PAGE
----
An unresolved issue is how the poly(A) tail inhibits decapping and may promote mRNAs exiting from P-bodies and reentering translation. One possibility is that the interaction of Pab1p with the poly(A) tail might facilitate the assembly of other translation initiation factors and thereby promote the disassembly of the repression/decapping complex that accumulates in P-bodies. This possibility is supported by the fact that eIF4E and eIF4G2, which can interact with Pab1p, also can be observed within P-bodies. Alternatively, or in addition, the poly(A) tail might nucleate interactions that inhibit the decapping enzyme. Interestingly, the available evidence suggests that there might be two manners by which the poly(A) tail can inhibit decapping. One mechanism seems to require the poly(A) binding protein, because pab1Δ strains can decap some transcripts before deadenylation (Caponigro and Parker, 1995 blue right-pointing triangle). However, several observations suggest there is likely to be a Pab1p-independent mechanism by which the poly(A) tail can inhibit decapping. First, in pab1Δ strains, the majority of the transcripts persist and undergo decay after deadenylation (Caponigro and Parker, 1995 blue right-pointing triangle). Second, biochemical analyses suggest that poly(A) tails can inhibit decapping independently of Pab1p (Wilusz et al., 2001 blue right-pointing triangle). Finally, the low abundance of Pab1p seen in P-bodies during glucose deprivation would imply an additional mechanism by which the poly(A) tail can inhibit decapping. Although currently unknown, additional proteins that bind poly(A) tail and that are present in P-bodies would be a good candidate for being part of this process.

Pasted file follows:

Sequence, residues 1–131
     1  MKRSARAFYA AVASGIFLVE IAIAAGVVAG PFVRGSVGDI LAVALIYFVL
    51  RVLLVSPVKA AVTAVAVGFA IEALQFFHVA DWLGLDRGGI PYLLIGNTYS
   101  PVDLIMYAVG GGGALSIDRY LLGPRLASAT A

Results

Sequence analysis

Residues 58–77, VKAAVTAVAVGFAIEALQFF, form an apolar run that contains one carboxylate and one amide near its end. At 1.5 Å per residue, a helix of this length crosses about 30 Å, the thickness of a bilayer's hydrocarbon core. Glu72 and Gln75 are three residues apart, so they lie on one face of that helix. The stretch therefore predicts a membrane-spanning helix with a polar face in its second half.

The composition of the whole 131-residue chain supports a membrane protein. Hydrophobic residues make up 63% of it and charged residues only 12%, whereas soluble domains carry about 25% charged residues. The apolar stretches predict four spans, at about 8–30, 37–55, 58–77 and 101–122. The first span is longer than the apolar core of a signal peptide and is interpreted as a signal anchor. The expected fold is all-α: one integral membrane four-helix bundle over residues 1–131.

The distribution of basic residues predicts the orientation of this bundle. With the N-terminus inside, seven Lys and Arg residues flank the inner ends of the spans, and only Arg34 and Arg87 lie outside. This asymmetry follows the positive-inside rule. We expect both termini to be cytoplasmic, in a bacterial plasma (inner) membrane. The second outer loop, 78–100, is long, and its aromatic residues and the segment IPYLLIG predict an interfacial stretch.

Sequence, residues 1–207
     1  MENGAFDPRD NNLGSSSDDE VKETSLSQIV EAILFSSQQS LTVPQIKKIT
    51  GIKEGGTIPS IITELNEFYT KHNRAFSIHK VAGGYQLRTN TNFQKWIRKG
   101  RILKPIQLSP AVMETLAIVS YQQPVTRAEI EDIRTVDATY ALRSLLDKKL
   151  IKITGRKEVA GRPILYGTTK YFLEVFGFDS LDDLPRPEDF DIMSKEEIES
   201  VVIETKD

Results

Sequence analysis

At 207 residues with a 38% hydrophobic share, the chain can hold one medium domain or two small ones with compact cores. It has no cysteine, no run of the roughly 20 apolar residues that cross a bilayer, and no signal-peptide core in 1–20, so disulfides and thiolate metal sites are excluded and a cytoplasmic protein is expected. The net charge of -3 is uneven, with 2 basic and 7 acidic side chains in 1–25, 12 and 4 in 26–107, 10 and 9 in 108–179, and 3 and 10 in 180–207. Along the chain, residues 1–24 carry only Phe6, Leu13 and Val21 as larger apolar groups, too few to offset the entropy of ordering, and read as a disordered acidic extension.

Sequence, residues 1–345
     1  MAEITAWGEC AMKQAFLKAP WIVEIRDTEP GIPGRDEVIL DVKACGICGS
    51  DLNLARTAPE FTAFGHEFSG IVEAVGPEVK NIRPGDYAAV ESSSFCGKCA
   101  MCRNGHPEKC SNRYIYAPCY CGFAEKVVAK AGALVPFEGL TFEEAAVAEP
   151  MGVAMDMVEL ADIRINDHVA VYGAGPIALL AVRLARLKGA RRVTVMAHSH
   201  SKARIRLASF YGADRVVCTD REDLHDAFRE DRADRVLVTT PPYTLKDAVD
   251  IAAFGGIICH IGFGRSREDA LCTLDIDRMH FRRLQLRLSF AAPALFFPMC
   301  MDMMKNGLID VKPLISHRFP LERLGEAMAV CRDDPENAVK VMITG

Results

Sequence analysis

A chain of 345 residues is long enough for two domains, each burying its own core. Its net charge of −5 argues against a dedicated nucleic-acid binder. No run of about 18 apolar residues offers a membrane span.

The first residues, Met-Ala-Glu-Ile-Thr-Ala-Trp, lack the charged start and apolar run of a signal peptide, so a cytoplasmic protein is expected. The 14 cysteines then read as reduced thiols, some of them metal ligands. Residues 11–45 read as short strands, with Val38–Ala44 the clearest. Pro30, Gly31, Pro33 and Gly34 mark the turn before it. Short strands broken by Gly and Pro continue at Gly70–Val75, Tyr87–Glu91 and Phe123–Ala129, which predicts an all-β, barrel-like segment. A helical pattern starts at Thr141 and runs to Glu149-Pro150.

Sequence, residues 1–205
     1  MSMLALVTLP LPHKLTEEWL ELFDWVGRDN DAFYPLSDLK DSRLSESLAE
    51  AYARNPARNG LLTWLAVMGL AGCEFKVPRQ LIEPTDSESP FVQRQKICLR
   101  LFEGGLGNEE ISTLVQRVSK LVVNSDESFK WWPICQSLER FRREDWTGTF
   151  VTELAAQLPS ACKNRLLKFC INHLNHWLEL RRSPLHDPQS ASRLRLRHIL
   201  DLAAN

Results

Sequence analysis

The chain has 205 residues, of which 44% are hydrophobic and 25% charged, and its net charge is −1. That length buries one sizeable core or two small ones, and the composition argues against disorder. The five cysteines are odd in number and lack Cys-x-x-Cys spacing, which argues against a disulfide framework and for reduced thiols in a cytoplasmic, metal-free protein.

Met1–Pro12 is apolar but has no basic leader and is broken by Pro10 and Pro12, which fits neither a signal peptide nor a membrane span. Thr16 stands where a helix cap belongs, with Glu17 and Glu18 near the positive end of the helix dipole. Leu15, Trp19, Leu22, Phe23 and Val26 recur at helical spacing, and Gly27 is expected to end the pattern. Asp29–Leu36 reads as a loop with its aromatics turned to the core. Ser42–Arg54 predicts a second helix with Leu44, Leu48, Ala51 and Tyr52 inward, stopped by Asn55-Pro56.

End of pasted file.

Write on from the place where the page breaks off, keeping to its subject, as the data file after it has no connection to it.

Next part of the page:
Significance of eIF4E, eIF4G, and Pab1p in P-Bodies

Our results demonstrate that eIF4E, eIF4G1, eIF4G2, and Pab1p can all be detected to accumulate to some degree in P-bodies under glucose deprivation, and more strikingly in stationary phase for eIF4E, eIF4G2, and Pab1p. In principle, this accumulation could have been due to the formation of a stress granule particle, which then colocalizes with a P-body. However, this is unlikely because the classic stress granules described in more complex eukaryotes also contain other factors such as eIF3 (Anderson and Kedersha, 2006 blue right-pointing triangle), which we do not observe in foci under glucose deprivation or stationary phase (Figure 5). Another formal possibility is that eIF4E, eIF4G2, and Pab1p are components of the basic translationally repressed mRNP that accumulates in P-bodies. However, this possibility is also unlikely because Pab1p is absent from P-bodies in dcp1Δ cells (Figure 7), or during osmotic stress (Figure 8A), and are only present at low levels in P-bodies during glucose deprivation (Figure 6). These latter observations argue that eIF4E, eIF4G2, and Pab1p are present on a subpopulation of mRNAs within P-bodies. Such a subpopulation could either be a specific class of transcripts, or it could be a certain percentage of all mRNAs within P-bodies that are trapped in an intermediate state of transition between polysomes and P-bodies.